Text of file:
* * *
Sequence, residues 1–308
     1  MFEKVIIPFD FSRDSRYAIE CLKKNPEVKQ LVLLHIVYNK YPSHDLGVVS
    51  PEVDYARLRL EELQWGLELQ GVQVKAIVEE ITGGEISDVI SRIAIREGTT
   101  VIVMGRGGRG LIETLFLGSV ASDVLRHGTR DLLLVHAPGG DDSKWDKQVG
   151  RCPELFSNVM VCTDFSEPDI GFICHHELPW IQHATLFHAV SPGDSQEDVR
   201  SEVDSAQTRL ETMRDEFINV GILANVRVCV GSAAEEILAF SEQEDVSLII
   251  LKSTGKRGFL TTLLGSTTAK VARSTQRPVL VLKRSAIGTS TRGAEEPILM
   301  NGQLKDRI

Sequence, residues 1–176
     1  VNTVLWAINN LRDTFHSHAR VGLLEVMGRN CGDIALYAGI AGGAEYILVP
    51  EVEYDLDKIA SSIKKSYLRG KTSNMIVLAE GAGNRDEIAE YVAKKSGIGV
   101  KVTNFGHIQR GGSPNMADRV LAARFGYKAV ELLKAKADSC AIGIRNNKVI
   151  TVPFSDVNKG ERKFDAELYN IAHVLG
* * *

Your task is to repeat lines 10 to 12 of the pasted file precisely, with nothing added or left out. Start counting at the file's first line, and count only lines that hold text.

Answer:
     1  VNTVLWAINN LRDTFHSHAR VGLLEVMGRN CGDIALYAGI AGGAEYILVP
    51  EVEYDLDKIA SSIKKSYLRG KTSNMIVLAE GAGNRDEIAE YVAKKSGIGV
   101  KVTNFGHIQR GGSPNMADRV LAARFGYKAV ELLKAKADSC AIGIRNNKVI